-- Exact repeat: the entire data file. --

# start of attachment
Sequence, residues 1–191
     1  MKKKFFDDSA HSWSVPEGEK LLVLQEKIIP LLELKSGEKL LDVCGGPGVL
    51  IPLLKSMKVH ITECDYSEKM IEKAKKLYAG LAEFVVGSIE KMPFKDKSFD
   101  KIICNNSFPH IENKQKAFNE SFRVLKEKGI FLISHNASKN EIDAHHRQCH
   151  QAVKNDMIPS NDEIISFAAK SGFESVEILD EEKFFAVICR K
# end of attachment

Sequence, residues 1–191
     1  MKKKFFDDSA HSWSVPEGEK LLVLQEKIIP LLELKSGEKL LDVCGGPGVL
    51  IPLLKSMKVH ITECDYSEKM IEKAKKLYAG LAEFVVGSIE KMPFKDKSFD
   101  KIICNNSFPH IENKQKAFNE SFRVLKEKGI FLISHNASKN EIDAHHRQCH
   151  QAVKNDMIPS NDEIISFAAK SGFESVEILD EEKFFAVICR K